The panel apparently accepted Koehler's proposition that this case is unique and presents special circumstances that were lacking in Algoma. See Panel Op. at *3–4. This belief, however, is not supported by the record or applicable law. While the record indicates that the Commission did not review the computer sheets in the context of its final injury determination, the panel failed to review whether the Commission's decision not to use the printouts was reasonable. Contrary to the applicable standard of review, the panel steps into the Commission's shoes and asserts its own wisdom as to what it would have done in this case. See Panel Op. at *4; Chevron, 467 U.S. at 844. On that basis alone, the opinion should be vacated.

The panel further mischaracterizes the roles of Commerce and the Commission in antidumping duty investigations. The panel states that the Commission and Commerce “jointly commenced an investigation to determine whether the domestic LWTP industry was materially injured or threatened with material injury.” Panel Op. at *1. This is incorrect. Under the statute, Commerce is not involved in the injury determination. 19 U.S.C. § 1677(35)(C)(ii) (1996). The panel notes that the Commission “is statutorily required to make the final dumping determination.” Panel Op. at *1. This is incorrect. The Commission is statutorily charged only to conduct an injury determination. Citing § 1677(35)(C)(ii), the panel states that “[w]hen making a final determination Commerce uses ‘the dumping margin or margins most recently published by [Commerce] prior to the closing of the Commission's administrative record.’ “ Panel Op. at *1 (emphasis added). This is incorrect. The statute cited by the panel provides that the Commission, not Commerce, uses Commerce's published dumping margins to make an injury determination. The panel notes that the Commission's like product determination demonstrates the Commission's “ability to manipulate and subjectively evaluate parts of Commerce's dumping margin determination, including evaluating the underlying prices products are sold at, without changing the dumping margin calculation used.” Panel Op. at *3. This is incorrect. The Commission's like product determination bears no such relation to Commerce's dumping margins and the statute does not provide a door through which the Commission may manipulate or subjectively evaluate Commerce's dumping margins for purposes of making its injury determination. See 19 U.S.C. § 1673a(c)(4) (1996). The panel's decision should be vacated to correct the misstatements of law.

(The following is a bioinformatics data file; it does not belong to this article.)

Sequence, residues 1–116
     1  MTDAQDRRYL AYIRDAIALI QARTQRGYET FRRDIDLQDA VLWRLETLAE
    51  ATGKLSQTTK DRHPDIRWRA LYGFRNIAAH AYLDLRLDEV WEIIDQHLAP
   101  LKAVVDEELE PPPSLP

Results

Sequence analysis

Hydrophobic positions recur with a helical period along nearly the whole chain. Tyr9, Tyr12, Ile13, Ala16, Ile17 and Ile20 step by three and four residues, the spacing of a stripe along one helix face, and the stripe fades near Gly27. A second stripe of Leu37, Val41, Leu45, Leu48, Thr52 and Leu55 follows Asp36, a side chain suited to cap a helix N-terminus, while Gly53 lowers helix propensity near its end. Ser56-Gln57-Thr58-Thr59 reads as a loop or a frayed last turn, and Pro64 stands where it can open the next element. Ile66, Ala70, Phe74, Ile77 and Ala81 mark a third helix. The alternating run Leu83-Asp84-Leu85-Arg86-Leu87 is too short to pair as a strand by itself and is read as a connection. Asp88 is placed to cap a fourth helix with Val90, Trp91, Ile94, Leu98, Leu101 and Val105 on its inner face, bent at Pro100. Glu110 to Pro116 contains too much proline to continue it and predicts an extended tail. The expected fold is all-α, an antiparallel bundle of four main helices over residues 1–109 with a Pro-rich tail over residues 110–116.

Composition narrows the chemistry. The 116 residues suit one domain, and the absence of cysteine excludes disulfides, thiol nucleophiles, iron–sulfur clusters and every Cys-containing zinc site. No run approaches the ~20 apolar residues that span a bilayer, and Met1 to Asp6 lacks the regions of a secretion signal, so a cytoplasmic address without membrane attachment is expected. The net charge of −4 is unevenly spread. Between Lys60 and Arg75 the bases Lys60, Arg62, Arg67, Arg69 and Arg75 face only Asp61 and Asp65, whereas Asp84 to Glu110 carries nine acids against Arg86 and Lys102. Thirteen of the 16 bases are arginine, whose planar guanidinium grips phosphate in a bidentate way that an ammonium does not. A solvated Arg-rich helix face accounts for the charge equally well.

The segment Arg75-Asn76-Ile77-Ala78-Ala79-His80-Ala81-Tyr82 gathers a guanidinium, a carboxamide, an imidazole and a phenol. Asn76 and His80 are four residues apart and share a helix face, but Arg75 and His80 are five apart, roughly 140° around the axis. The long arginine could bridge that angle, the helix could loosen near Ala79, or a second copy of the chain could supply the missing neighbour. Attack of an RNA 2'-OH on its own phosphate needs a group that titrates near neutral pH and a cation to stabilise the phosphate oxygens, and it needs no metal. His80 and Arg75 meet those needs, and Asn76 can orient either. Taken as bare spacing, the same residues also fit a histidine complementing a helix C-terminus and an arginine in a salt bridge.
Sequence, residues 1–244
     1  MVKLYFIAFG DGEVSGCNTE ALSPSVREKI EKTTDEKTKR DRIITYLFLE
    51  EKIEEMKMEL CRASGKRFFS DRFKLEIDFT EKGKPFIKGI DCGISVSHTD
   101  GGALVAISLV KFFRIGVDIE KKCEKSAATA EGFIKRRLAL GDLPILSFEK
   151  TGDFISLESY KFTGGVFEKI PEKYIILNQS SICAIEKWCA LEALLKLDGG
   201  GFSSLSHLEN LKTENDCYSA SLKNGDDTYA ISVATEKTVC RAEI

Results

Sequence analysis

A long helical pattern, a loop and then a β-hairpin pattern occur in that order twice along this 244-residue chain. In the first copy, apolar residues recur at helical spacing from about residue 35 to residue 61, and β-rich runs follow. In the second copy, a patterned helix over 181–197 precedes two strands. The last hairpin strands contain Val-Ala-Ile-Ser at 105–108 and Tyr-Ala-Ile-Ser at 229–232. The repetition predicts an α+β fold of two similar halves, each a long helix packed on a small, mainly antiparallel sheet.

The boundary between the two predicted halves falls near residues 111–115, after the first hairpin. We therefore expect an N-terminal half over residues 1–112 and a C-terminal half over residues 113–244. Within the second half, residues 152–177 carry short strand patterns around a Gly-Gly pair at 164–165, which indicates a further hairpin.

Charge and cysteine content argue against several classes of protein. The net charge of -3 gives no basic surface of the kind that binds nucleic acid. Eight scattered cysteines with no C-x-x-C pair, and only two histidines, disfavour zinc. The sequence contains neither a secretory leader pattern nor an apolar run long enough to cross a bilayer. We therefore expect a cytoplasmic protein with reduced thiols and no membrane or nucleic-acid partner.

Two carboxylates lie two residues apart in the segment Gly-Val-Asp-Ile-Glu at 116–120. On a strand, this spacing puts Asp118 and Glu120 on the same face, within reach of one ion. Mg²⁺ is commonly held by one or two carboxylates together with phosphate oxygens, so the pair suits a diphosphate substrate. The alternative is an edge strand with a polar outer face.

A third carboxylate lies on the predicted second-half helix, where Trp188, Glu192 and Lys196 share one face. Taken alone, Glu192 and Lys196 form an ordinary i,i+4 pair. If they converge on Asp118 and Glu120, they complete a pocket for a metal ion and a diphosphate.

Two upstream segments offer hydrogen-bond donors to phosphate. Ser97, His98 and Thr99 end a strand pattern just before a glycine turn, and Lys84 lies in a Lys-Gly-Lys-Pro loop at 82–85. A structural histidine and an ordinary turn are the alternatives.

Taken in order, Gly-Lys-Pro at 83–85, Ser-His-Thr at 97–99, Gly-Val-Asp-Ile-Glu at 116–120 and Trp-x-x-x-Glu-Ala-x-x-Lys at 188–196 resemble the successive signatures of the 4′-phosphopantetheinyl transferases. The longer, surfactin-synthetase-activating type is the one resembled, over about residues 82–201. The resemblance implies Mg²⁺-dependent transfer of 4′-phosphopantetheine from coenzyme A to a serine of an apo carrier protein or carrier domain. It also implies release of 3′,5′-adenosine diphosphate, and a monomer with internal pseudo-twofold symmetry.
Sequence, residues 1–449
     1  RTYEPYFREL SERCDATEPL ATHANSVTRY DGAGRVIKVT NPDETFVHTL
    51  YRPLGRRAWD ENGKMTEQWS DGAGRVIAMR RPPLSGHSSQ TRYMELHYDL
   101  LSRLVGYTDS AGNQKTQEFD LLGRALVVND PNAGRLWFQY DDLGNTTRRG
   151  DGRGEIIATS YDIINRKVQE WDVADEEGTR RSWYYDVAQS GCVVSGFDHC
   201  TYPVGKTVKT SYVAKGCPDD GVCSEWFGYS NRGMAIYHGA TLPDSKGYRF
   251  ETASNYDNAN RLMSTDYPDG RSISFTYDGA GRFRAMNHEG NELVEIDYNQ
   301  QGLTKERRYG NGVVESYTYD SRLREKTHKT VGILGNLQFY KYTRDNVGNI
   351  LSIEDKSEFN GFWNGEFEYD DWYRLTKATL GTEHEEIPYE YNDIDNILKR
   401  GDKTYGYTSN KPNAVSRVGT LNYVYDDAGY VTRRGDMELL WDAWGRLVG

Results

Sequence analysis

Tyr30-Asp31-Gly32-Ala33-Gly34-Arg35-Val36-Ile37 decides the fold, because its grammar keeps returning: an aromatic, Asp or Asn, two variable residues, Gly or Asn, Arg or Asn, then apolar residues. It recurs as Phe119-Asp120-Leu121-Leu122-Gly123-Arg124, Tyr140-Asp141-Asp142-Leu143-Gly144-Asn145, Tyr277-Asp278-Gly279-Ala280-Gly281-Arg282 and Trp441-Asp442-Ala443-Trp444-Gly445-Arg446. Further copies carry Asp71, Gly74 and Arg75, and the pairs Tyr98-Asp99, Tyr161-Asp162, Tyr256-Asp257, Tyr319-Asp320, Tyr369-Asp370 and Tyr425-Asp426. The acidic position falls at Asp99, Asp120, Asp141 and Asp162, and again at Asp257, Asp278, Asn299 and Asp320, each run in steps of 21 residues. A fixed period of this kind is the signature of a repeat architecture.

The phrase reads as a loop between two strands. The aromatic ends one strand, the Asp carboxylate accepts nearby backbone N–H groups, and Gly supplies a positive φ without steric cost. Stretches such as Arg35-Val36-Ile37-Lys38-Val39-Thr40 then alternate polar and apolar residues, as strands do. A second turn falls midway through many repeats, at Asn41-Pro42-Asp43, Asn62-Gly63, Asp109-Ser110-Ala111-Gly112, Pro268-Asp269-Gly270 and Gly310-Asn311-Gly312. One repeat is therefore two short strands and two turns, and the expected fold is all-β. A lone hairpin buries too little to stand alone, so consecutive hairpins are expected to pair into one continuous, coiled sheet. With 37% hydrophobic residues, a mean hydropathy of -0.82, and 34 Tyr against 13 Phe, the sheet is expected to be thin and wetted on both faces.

V. Absurd Results